All power to the Soviets
The October Revolution in Russia was carried through by the Bolshevik Party under the slogan 'All Power to the Soviets'. In the course of the 1905 and, decisively, in the 1917 revolutions, Lenin, Trotsky and the Bolsheviks had come to understand the historic significance of the soviet form of organisation. The soviet, a council representing all of the exploited and oppressed groups, basing itself on the principle of direct elections, recallability and the abolition of bureaucratic privilege, was rightly seen by the Bolsheviks as the best possible organisational expression of the power of the proletariat and its allies. It was the best possible basis for the dictatorship of the proletariat the soviet state. In 1938 Trotsky wrote in the Transitional Programme that: 'The slogan of soviets, therefore, crowns the programme of transitional demands,' He explained that in the struggle for power soviets were the means for uniting all of the forces struggling against capitalism. In Lenin and Trotsky's view there was no substitute for soviets as organs of working class power. What led them to this view was the actual nature of the soviets themselves.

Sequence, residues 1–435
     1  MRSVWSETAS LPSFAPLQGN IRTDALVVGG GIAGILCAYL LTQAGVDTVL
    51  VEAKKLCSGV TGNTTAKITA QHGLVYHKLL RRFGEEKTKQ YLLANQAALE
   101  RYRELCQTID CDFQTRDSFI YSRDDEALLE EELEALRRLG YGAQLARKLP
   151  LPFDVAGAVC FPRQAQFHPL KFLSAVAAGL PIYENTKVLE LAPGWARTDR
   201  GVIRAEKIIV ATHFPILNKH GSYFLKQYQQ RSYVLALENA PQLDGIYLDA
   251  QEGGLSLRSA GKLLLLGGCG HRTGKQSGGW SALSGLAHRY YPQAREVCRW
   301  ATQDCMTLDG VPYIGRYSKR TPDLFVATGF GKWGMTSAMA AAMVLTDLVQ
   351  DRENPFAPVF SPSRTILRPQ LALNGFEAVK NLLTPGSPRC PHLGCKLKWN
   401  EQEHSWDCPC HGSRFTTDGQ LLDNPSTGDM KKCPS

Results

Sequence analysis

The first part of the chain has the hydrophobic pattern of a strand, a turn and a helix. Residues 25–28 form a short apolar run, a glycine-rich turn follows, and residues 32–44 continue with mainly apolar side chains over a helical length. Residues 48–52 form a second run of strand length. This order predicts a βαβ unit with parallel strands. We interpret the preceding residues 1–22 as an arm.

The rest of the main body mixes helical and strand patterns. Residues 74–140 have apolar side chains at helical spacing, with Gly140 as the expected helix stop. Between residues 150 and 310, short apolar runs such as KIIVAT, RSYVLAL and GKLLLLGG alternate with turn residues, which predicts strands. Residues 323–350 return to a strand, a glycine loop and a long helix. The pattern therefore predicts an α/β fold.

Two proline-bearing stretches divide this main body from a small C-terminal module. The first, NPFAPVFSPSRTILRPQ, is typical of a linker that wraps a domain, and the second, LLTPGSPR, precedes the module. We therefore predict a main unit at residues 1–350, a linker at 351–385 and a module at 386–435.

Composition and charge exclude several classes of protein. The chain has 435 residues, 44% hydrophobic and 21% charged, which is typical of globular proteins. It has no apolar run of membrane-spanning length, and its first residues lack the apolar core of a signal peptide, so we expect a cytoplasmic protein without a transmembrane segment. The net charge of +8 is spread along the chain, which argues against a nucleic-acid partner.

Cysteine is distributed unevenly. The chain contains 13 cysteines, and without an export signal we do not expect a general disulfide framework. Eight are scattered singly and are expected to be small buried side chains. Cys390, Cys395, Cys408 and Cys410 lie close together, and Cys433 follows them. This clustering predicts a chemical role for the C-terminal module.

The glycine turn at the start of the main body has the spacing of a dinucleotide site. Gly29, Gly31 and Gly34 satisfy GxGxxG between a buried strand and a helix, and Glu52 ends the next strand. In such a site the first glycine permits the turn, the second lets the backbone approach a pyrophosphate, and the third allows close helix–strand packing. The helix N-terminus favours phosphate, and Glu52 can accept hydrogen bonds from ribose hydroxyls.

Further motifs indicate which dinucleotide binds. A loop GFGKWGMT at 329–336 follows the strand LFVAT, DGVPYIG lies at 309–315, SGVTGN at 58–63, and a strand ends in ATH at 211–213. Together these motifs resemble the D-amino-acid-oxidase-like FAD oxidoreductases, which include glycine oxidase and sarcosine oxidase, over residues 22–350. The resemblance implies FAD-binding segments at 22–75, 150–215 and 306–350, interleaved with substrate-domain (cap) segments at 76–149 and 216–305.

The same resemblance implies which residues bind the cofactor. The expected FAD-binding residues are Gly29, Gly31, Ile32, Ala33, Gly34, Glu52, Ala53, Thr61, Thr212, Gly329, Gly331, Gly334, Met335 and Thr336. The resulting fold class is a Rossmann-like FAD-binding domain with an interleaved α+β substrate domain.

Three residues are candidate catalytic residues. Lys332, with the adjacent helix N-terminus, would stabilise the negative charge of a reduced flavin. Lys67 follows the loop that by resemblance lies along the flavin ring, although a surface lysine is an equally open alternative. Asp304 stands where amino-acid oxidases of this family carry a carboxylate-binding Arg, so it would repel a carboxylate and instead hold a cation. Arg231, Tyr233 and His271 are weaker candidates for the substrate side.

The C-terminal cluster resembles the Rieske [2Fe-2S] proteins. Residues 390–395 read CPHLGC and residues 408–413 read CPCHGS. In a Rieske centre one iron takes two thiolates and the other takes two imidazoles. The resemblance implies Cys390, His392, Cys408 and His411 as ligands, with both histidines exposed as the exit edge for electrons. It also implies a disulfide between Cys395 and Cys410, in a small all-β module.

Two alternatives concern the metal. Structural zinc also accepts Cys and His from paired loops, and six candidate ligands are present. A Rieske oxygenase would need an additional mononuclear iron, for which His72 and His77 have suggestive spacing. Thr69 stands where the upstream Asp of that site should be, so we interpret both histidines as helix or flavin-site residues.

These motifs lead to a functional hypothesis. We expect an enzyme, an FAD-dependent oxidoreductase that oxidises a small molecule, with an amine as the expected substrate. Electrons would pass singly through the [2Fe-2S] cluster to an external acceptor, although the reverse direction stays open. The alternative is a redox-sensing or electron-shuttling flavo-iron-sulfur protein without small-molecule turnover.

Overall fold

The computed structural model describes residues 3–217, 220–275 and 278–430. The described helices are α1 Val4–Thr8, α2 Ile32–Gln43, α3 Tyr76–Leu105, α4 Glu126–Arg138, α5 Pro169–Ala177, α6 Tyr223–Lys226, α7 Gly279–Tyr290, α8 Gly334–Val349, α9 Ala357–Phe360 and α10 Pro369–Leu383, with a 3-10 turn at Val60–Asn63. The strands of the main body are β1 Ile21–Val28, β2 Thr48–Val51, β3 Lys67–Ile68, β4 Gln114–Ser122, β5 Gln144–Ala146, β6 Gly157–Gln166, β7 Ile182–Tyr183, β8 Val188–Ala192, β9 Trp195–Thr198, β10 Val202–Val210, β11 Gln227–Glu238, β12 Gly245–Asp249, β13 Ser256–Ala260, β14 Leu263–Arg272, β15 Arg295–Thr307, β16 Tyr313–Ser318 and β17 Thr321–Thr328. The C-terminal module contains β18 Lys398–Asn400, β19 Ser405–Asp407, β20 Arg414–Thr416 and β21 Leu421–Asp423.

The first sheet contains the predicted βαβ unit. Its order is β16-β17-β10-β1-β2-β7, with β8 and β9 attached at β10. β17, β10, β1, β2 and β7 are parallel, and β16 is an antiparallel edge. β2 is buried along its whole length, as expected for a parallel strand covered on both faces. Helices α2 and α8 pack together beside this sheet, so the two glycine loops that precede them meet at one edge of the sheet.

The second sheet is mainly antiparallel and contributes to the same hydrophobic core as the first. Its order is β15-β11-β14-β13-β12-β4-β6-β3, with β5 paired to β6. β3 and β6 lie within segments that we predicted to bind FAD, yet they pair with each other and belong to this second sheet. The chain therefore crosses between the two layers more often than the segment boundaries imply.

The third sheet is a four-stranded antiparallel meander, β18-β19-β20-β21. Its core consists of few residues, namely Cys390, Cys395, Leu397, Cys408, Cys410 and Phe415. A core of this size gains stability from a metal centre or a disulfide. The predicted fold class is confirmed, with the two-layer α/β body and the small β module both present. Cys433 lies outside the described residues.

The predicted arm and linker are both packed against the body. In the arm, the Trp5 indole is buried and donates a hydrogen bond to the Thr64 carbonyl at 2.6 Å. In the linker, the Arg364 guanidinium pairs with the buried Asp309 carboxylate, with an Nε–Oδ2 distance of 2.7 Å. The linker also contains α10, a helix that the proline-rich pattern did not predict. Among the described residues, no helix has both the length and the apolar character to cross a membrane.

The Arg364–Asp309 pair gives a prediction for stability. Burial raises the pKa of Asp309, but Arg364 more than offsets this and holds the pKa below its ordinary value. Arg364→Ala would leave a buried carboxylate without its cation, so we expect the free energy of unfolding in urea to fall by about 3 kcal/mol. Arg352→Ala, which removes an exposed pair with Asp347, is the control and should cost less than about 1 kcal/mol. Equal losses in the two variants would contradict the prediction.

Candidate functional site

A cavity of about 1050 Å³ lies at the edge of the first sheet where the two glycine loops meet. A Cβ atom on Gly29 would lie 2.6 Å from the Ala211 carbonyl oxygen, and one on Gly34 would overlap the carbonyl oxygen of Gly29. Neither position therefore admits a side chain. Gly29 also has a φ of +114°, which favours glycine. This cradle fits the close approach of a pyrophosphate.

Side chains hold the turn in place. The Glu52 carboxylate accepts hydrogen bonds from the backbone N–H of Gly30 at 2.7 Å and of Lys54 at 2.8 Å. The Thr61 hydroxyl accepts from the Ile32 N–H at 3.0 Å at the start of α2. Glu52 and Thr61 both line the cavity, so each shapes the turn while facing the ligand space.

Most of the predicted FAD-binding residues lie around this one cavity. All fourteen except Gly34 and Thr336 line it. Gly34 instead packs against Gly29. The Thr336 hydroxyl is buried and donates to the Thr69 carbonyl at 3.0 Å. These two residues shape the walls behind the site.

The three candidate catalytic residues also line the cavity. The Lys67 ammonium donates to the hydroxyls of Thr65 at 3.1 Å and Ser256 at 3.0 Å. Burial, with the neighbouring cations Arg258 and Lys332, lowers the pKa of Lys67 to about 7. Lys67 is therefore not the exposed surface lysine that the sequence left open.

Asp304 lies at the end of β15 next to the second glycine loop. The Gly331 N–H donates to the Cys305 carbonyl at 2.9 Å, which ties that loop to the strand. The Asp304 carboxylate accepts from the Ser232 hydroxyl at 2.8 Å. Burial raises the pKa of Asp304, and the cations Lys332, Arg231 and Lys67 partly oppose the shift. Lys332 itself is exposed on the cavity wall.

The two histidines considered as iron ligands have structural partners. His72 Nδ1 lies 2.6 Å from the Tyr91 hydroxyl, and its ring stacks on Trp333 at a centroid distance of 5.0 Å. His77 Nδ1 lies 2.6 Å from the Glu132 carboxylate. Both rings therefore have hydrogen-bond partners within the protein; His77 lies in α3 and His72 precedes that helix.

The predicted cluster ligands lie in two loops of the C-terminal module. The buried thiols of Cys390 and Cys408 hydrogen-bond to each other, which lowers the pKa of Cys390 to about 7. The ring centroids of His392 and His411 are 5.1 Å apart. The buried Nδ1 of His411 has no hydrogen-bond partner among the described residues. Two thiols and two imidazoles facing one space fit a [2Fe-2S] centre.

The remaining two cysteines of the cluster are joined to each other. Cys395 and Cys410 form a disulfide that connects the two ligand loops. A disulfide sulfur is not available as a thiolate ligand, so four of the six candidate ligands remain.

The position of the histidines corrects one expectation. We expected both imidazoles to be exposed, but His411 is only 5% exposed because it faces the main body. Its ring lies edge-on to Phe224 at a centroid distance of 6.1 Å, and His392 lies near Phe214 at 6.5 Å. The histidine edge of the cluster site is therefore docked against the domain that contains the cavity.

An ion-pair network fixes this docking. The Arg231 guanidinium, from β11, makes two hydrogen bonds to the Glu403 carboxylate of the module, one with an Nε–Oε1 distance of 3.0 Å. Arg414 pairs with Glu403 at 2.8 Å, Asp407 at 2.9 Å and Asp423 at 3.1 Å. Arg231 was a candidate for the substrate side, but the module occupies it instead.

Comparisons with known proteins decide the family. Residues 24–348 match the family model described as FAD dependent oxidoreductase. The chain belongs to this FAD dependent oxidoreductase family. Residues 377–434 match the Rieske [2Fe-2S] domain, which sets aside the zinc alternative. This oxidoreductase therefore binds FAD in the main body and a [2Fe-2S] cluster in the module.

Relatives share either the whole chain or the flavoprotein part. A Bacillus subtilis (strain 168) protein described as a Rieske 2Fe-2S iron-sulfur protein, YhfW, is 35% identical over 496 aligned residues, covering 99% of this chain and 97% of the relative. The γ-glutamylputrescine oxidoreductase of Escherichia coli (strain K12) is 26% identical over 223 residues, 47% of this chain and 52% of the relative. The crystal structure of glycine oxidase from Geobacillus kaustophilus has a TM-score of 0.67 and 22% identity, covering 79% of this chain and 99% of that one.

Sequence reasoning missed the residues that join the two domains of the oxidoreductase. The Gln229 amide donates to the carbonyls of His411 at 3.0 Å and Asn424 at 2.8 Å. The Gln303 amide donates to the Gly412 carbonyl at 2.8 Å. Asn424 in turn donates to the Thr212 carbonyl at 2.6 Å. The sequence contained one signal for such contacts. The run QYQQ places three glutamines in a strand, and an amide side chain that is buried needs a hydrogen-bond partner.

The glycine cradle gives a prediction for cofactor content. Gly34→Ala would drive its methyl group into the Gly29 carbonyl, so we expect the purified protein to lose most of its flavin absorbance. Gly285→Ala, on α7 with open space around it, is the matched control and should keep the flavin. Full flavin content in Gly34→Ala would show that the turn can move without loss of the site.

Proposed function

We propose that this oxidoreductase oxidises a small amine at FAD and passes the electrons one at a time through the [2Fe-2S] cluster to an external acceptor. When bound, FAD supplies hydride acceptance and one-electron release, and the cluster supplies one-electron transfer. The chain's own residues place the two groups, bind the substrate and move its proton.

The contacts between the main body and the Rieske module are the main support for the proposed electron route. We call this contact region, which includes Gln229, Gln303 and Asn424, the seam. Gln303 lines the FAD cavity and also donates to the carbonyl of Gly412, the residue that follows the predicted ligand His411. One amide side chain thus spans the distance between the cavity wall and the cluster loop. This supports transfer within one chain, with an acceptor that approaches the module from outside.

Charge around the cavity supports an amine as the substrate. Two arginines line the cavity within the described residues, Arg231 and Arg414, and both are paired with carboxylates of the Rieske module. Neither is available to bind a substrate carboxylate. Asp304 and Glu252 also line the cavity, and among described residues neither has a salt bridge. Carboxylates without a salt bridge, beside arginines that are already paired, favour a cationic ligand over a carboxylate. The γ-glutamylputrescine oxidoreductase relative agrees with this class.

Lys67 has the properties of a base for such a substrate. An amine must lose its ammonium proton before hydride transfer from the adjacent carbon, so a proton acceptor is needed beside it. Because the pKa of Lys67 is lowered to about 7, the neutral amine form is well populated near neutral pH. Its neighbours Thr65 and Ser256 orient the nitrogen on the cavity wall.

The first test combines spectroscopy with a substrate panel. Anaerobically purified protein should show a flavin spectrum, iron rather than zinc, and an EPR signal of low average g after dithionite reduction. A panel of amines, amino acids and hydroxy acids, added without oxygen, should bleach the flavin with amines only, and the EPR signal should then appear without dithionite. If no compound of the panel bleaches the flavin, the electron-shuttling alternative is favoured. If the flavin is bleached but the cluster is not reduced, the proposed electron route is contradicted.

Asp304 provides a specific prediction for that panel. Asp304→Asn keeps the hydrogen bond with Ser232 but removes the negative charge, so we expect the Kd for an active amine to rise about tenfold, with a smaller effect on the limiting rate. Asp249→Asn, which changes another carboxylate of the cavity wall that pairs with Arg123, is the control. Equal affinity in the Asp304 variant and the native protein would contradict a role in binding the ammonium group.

The soviet form of organisation directly elected councils arises at the point where the day to day struggles of the masses take place in the context of a revolutionary crisis. Soviets are an extraordinary form of organisation to deal with the extraordinary problems posed by a revolutionary situation. Precisely because of this, they are more immediately sensitive and responsive to the needs and wishes of the masses than the established, often bureaucratic, forms of organisation. They are representative of workers and their allies in struggle. A participant in the local (Rajon) Soviet in Vyborg in 1917 gives a flavour of this truly representative characteristic of the soviet form: '...the masses of the Rajon (Vyborg) brought all their needs and expectations to the Soviet, for them it was the meaningful and accessible organ of power. From morning to night workers, youth, soldiers, came with various problems. None went away without an answer.'